TUGIS 2017

Yesterday, I attended TUGIS 2017, which was the 30th installment of Maryland’s annual statewide GIS conference. It was a great experience as there is a lot of innovative work going on in Maryland. The one-day format is specifically designed to be a high-value experience. Attendees trade the minimal impact on schedule for the fact that they will certainly miss some content they want to see. I think it’s a fair trade-off.

I also happened to give the keynote address at the conference. It was quite an honor to be asked to address so many geospatial practitioners who are working to tackle pressing issues in Maryland. Thanks to Ardys Russakis and the conference organizing committee for inviting me.

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Thoughts On TUGIS 2015

I spent yesterday at TUGIS, Maryland’s GIS conference. It is an annual, one-day event, held at Towson University. As such, it is a bit of a sprint, especially when bracketed on either end by a double-beltway commute. The day started with the plenary which included a brief talk by Maryland’s Lieutenant Governor Boyd K. Rutherford, who reaffirmed the new administration’s commitment to the importance of data and metrics in decision-making. Julia Fischer, the current MSGIC Chair, also gave an update on MSGIC, including its renewed focus on advocacy and on providing free or low-cost GIS training in Maryland. The plenary wrapped with a keynote by Dr. Chris Tucker of the MapStory Foundation, who discussed the importance of capturing temporal change data as a way of visualizing our history.

mdcrabflag

From there, it was all about tracks and sessions. I won’t go into a blow-by-blow of everything I saw but I attended the Public Safety, Lightning Talks, and Application Development tracks. I generally saw two flavors of content: “JavaScript all the things” or “Look at this really cool thing I built with ArcGIS without programming.” There was also an undercurrent of open data as Maryland’s open data sets drove many apps I saw.

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Light Housekeeping

Just a quick note to tidy up some loose ends related to recent posts…

First, regarding the post ”A #LazyWeb Compendium of Python Resources for Beginners,” the University of South Florida PyBulls Python interest group, as promised, compiled a list of Python resources and posted it on their GitHub page. Thanks to them for their quick response.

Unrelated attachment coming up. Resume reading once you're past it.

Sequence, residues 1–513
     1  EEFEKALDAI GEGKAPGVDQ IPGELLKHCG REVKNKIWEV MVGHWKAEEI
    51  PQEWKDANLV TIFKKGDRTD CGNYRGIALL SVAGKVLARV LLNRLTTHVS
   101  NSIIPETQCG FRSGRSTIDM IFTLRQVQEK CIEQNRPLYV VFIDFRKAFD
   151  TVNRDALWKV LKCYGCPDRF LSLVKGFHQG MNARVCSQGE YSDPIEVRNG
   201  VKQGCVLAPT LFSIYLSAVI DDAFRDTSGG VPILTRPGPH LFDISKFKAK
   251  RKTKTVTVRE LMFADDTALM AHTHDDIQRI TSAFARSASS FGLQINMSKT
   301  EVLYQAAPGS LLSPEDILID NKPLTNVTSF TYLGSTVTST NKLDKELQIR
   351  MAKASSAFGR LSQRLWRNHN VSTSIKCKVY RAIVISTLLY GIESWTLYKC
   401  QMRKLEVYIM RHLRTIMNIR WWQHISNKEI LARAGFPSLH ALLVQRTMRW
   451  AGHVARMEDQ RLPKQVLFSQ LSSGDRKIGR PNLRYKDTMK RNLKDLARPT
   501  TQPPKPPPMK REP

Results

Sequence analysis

Second, following up on the post ”The Best Thing I Saw at TUGIS 2013,” the data and workbooks for Dr. Arthur Lembo’s introduction to open-source GIS have been made available. The data can be found on GitHub and the workbooks can be found on the Eastern Shore Regional GIS Cooperative web site. Many thanks for contributing these resources.

These items are embedded in the comments for their respective posts but I thought it would be useful to call them out more prominently.

The Best Thing I Saw at TUGIS 2013

I spent the day yesterday at Towson University attending the TUGIS 2013 conference. The new one-day format was a firehose that showcased the diversity of geospatial work occurring across the State of Maryland. The keynote by Learon Dalby was well-received and the content of the conference was generally substantive. While the day was a sprint, there was one workshop that really caught my attention more so than I would have thought from its title.

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Off to TUGIS

Tomorrow, I’ll be heading up to the Towson University GIS (TUGIS) conference with 500 or so of my closest Maryland geo-friends. It has been restructured into a one-day event and the program seems to be very content-rich as a result. I am particularly happy to see more open-source content this year. There’s an intro session featuring PostgreSQL, PostGIS, QGIS, and GeoServerpresented by Salisbury State University. Salisbury was once known as a bastion of Manifold so they’ve got a long history of thinking outside the Arc. Additionally, there is a session (by Towson University) discussing the use of GDAL, OGR, and Shapely in the development of a spatial service.

Brian Timoney's favorite state flag

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DC/MD/VA Area Geo-Event Scene Getting More Active

There was a time only a few years ago when, if you lived in the DC/MD/VA area, planning your geo-conference schedule for the year went something like this: Register for the ESRI FedUC and then start booking plane tickets for everything else. That is no longer the case with more events occurring in the area. Here’s a round-up of a few events that are on my 2012 schedule so far:

You can never have too many of these...

ESRI Federal GIS Conference (formerly known as the Federal User Conference): 22 – 24 February. This is probably one of the longest-running and largest events in the area. This year features another DevGeo session, focusing on developing applications with the various ESRI tools. Last year was the first time it was done at a FedUC and the room was packed all day. This conference is obviously an ESRI show but the last few years have included unofficial, after-hours gatherings of people working with a wide range of geospatial tools. Even if you are not an ESRI user, there may be something going on in the vicinity that would be worthwhile. Continue reading “DC/MD/VA Area Geo-Event Scene Getting More Active”